By Grant McCool
NEW YORK, July 31 (Reuters) - A former Citigroup Inc manager was found not liable on Tuesday of civil charges of misleading investors, a blow to regulators in one of the few fraud cases brought against a Wall Street executive over the collapse of subprime mortgage investments.
Brian Stoker, who worked on the bank's mortgage investments desk, was charged by the U.S. Securities and Exchange Commission as part of a broader civil lawsuit against the bank in U.S. District Court in Manhattan.
The verdict underlined the difficultly of such cases for securities regulators, who historically have worked to reach settlements with corporations and individuals. The SEC's $285 million settlement with Citigroup itself last year is under appeal following an unusual rejection by Judge Jed Rakoff. The outspoken Rakoff also presided over the two-week-long Stoker trial.
"It does make you realize why perhaps the SEC is a little reluctant to squeeze the trigger," said James Cox, a law professor at Duke University in Durham, North Carolina, who has written about securities regulations cases.
Stoker was one of four individuals the SEC has charged with misleading buyers of pools of mortgages, called collateralized debt obligations, that contributed to the financial crisis. He was the first to go to trial.
One note of encouragement for the SEC came from the eight jurors who heard the evidence at Stoker's trial. The panel gave the judge a statement to accompany the verdict, a rarity in both civil and criminal trials.
"This verdict should not deter the SEC from continuing to investigate the financial industry, to review current regulations, and modify existing regulations as necessary," the jury said.
The commission argued that Stoker failed to tell the buyers of a $1 billion Citigroup collateralized debt obligation transaction in 2007 that the bank had made a $500 million "short" bet that the mortgage pool would fail.
Stoker and his lawyer argued that he followed the bank's best practices and was singled out for blame.
Stoker left the court smiling. The jury delivered its verdict on its second day of deliberations.
"We are very grateful that justice was done," Stoker's lawyer, John Keker, said outside the courtroom.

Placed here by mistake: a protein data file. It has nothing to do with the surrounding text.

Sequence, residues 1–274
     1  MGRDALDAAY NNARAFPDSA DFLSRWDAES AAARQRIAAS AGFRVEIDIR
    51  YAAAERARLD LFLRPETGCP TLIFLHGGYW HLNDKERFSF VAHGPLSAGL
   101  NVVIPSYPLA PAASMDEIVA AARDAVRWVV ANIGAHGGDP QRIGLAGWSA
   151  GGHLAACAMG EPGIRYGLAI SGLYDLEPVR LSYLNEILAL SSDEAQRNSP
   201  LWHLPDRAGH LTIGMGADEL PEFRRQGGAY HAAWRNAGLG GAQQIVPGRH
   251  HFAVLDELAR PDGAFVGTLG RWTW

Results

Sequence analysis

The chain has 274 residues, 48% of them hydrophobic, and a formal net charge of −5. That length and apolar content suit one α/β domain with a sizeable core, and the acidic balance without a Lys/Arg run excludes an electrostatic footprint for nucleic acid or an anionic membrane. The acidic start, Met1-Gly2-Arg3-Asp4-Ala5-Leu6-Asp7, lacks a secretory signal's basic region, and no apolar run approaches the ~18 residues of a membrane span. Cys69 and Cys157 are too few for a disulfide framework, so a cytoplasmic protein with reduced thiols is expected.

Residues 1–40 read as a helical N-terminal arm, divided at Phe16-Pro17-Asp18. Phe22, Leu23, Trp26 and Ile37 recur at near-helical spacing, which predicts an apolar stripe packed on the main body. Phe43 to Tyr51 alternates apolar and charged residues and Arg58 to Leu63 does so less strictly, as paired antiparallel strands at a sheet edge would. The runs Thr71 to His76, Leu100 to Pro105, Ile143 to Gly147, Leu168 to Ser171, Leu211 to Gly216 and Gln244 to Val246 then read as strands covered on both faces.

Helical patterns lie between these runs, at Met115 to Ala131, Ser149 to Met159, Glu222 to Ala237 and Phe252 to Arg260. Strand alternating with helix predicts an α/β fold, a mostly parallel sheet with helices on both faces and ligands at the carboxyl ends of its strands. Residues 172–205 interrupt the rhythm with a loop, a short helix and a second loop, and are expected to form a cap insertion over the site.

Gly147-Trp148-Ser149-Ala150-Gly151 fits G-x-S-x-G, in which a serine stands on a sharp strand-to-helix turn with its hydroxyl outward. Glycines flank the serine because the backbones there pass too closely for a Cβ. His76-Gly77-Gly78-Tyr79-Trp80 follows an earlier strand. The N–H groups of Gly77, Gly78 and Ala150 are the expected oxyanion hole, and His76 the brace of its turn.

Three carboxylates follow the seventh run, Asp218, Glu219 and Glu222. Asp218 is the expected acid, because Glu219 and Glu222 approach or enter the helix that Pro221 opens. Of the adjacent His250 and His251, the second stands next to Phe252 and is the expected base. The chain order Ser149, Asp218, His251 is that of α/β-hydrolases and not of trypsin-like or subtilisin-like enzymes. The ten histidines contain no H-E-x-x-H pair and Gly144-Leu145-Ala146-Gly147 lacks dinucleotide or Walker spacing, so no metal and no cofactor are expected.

Robert Khuzami, director of the SEC's enforcement division, said: "We respect the jury's verdict and will continue to aggressively pursue misconduct arising out of the financial crisis."
The other individuals charged by the SEC with misleading buyers of collateralized debt obligations include Goldman Sachs Group Inc executive Fabrice Tourre, and Edward Steffelin of now-bankrupt GSC Capital Corp, which helped put a CDO together for JPMorgan Chase & Co. They are awaiting trial.
Another executive, Samir Bhatt of Credit Suisse Alternative Capital, settled with the SEC in a case related to the Citigroup deal.
Rakoff had rejected late last year a $285 million settlement between Citigroup and the SEC over the mortgage investment, saying he had no way to know whether the pact was fair because the bank was not required to admit or deny the agency's charges. The bank and the commission are appealing that decision.
On its website, the SEC summarizes more than 100 cases related to the financial crisis that led to total penalties of more than $2.1 billion to help investors harmed by fraud
Citigroup, which is one of those cases, said in a statement on Tuesday that it agreed with the verdict in the Stoker case "and hope to secure final judicial approval of our settlement with the SEC and put this matter behind us."
The case is SEC v. Stoker, U.S. District Court, Southern District of New York, No. 11-cv-7387.
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